The Twitter hunt continued for hours, complete strangers sending me information through the platform about the mystery of my walls. Charles McCue, a salesman, had been very involved with the local high school, then called Rindge High School, and served on the school committee. Rindge is now Cambridge Rindge and Latin School, one of the oldest public high schools in the US. My kids were enrolled there, coincidentally. Annie McCue was born Annie Davies, and her parents lived down the street. Annie and Charles had two children. A son, born in 1900, died in 1902 from spinal meningitis. They also had a daughter. Charles died in 1935, his obituary describing him as a “valiant spirit.”4

It seemed like a great find, but before I went to bed that night, I learned that Charles and Annie’s daughter, Elizabeth Letitia, also attended Rindge High School. Known only as “Jack” to her father, Letitia was his frequent companion to Elks Lodge meetings and on sales trips west. Letitia, it seemed, was her father’s life. A Twitter friend found a picture of her in the school newspaper.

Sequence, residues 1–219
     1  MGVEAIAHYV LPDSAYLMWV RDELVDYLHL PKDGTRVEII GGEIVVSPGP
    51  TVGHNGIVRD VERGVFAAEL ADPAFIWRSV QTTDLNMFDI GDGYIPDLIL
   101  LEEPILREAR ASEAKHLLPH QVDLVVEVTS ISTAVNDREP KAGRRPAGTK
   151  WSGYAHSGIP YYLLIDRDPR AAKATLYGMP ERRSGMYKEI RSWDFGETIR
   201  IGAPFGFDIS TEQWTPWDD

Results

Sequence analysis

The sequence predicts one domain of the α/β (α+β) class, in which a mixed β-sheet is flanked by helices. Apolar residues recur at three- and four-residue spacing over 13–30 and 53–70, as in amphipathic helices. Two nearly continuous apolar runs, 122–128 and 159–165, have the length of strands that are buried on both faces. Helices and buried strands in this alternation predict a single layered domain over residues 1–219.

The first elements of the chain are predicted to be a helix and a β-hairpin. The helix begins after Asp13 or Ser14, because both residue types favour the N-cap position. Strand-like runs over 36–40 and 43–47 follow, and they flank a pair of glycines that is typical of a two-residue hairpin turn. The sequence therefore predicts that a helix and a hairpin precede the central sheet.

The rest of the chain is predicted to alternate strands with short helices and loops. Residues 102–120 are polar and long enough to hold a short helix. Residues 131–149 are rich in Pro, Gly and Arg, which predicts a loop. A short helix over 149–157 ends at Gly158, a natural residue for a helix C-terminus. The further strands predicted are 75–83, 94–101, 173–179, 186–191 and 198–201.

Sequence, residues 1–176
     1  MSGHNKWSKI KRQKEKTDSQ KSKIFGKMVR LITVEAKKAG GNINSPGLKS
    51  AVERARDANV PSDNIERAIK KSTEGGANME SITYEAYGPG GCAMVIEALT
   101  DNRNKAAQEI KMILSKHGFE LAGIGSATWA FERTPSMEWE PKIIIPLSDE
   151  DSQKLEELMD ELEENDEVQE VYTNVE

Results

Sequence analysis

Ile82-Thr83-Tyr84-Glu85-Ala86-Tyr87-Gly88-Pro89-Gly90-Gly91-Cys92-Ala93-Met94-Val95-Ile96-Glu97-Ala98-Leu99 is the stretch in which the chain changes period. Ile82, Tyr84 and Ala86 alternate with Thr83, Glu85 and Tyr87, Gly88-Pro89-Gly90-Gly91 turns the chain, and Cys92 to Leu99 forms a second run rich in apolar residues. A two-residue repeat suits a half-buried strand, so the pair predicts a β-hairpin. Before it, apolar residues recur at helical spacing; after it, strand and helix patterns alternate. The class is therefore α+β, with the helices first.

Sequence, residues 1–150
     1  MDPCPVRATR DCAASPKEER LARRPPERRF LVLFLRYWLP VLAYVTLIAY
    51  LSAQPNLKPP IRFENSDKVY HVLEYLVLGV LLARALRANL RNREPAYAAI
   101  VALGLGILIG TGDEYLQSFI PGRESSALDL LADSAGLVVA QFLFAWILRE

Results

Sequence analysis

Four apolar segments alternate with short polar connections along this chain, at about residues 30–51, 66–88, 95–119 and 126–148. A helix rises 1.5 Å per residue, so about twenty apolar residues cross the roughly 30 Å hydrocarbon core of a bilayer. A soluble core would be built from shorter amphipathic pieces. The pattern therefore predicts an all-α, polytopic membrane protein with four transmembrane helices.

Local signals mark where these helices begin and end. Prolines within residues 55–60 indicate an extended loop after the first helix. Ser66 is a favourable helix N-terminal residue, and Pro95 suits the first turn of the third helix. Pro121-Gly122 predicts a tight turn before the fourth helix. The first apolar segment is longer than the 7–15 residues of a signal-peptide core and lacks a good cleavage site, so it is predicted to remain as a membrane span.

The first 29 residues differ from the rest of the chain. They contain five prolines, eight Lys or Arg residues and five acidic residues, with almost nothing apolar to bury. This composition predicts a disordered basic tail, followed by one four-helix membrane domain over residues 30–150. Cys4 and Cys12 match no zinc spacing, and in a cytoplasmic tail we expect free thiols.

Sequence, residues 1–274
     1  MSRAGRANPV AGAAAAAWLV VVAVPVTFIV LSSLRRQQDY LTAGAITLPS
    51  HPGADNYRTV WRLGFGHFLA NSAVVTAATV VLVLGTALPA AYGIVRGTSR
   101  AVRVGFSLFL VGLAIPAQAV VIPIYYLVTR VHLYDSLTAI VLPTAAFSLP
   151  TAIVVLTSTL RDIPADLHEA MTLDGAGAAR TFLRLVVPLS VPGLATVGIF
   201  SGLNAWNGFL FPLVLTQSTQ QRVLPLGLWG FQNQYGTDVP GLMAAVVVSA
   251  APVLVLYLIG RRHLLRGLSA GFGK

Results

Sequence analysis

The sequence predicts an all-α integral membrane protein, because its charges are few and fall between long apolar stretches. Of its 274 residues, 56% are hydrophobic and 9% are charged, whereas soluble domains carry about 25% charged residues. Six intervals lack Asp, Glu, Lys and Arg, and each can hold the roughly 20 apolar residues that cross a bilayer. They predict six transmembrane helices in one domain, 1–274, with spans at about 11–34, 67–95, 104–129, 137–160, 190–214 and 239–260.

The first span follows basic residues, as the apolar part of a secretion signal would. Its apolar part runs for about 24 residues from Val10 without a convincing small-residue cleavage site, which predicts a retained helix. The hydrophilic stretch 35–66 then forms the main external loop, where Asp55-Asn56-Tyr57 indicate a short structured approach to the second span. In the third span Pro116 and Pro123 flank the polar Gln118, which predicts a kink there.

Elizabeth Letitia McCue, given to the author from Sarah Leslee on Twitter.

I fell asleep thinking of this turn in events in which a basic water leak led to this early twentieth-century family. The following morning, I woke up to something sad, even disturbing. The Twitter genealogists had discovered more. Letitia died in our home in the early days of January 1919 at the age of nineteen. Her small funeral was also held here, as the newspapers reported, with influential political and academic leaders sending their prayers. Massachusetts governor Calvin Coolidge, who would later become president, “was one of the first to send his sympathy.”5 The family moved out soon after.

Then I was sent her death certificate.6 Letitia died in the third of four waves during the Great Influenza epidemic, often known by a misnomer, the Spanish flu. That pandemic lasted from February 1918 to April 1920 and would infect about a third of the world’s population at the time—about five hundred million people—before it ended. The death toll is uncertain, but estimates put it between twenty and fifty million. Letitia’s death certificate describes her cause of death: “Influenza.” One hundred and one years later, as we waited out another pandemic, we were living where she had died from the last one.